The FCC announced that AT&T will pay a $700,000 fine and return money to customers who paid excessive charges after they were unknowingly switched to a costlier data plan. The fine stemmed from a series of complaints from AT&T customers who were switched to a more expensive monthly data plans without their consent.
According to the complaint, customers were switched from a pay-as-you-go plan to a monthly subscription due to a mistake by AT&T. The error was discovered in 2010 and customers were reimbursed when they contacted the carrier about the overage. AT&T says this glitch affected less than 0.03 percent of its customers and many customers have already been reimbursed. An AT&T spokesperson said,
“The consent decree involves less than 0.03 percent of our wireless customers, who inadvertently had a monthly data plan added to their account after getting a new smartphone through a warranty or insurance exchange or after relocating.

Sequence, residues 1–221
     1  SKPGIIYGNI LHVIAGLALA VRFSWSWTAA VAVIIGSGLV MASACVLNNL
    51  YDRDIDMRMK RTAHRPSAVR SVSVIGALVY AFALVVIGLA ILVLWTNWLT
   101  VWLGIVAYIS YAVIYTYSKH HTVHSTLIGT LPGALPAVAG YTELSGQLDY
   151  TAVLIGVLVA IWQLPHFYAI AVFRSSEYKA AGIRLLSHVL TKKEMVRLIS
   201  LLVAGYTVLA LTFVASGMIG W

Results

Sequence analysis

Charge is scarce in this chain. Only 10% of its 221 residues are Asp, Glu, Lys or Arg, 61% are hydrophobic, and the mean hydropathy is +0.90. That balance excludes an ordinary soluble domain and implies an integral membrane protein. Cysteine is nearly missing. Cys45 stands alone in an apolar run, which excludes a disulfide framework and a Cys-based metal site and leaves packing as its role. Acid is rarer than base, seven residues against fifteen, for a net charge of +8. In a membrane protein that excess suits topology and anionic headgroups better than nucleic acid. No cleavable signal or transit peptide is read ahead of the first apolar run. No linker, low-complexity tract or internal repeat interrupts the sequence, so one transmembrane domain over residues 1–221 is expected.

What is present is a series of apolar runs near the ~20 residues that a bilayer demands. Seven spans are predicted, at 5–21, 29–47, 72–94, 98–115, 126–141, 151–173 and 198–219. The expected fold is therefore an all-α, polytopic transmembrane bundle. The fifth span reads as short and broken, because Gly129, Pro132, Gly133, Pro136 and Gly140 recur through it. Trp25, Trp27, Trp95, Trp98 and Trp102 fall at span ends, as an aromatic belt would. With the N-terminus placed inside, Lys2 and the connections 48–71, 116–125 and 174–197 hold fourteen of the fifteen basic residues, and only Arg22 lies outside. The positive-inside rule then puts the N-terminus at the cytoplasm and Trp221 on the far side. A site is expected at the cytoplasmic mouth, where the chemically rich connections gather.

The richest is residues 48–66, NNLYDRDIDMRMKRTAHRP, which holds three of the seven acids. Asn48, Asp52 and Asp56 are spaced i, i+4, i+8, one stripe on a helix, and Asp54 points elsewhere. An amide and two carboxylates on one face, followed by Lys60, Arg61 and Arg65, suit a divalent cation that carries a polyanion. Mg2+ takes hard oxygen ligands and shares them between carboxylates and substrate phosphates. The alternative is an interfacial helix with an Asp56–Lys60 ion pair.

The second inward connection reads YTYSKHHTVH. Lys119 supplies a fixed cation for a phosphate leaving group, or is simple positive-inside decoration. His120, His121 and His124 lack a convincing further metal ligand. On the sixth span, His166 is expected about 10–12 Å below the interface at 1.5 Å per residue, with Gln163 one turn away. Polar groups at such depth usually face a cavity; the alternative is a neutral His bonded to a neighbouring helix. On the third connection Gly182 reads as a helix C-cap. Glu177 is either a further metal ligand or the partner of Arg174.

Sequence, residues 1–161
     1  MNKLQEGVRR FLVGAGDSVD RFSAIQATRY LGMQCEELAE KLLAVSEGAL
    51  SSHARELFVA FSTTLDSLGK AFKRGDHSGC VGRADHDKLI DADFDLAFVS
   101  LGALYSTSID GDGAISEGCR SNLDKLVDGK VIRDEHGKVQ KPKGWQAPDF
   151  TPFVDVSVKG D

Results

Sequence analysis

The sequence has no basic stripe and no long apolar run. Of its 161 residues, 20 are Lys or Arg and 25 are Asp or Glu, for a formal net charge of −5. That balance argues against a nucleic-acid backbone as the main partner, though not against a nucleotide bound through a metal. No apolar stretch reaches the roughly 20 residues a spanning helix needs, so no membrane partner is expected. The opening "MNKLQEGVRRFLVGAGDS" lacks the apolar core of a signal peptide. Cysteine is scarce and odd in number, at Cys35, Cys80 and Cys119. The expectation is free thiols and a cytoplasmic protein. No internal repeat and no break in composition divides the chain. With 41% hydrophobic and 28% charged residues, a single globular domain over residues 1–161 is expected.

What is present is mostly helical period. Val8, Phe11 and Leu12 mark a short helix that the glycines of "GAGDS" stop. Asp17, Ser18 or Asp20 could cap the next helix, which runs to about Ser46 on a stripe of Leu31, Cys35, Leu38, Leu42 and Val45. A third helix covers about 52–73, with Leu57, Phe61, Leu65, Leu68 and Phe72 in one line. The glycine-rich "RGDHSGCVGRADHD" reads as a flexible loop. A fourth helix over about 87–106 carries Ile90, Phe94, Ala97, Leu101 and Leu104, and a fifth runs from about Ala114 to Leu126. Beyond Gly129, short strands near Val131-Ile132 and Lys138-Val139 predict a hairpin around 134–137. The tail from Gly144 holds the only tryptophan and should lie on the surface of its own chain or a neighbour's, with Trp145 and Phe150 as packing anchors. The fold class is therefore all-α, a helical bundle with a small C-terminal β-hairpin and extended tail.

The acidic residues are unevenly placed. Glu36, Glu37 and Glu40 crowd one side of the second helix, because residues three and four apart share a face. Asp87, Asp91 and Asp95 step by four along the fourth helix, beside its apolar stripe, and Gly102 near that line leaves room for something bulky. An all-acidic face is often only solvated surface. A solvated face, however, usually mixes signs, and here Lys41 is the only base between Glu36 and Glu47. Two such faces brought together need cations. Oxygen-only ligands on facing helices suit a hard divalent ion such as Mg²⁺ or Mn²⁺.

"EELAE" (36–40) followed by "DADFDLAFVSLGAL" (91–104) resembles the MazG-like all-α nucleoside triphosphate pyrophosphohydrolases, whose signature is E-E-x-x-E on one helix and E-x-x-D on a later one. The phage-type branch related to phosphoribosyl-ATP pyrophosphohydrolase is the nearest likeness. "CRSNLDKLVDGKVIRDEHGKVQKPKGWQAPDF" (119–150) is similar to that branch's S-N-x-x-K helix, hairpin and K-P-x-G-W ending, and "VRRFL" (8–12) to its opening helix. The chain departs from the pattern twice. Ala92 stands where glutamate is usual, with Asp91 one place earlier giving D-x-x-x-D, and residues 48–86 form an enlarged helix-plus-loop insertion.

We had already discovered and corrected the issue by Nov. 2010, and had given refunds to customers who contacted us. Based on a review of our refund process, we believe a vast majority of those customers affected by the billing error have already been made whole. But as part of the decree we’ll be providing a bill-page notice to affected customers, offering refunds, and giving them the option to return to a data pay-per-use plan, or to have a data block applied to their phone.”
As part of the FCC’s settlement, AT&T will reimburse effected customers by paying them the approximately $30 extra they paid each month. If customers believe they are eligible for a refund, they can contact AT&T. The carrier will also search its own database to find and contact those customers who are owed a refund.
[Via NBC News]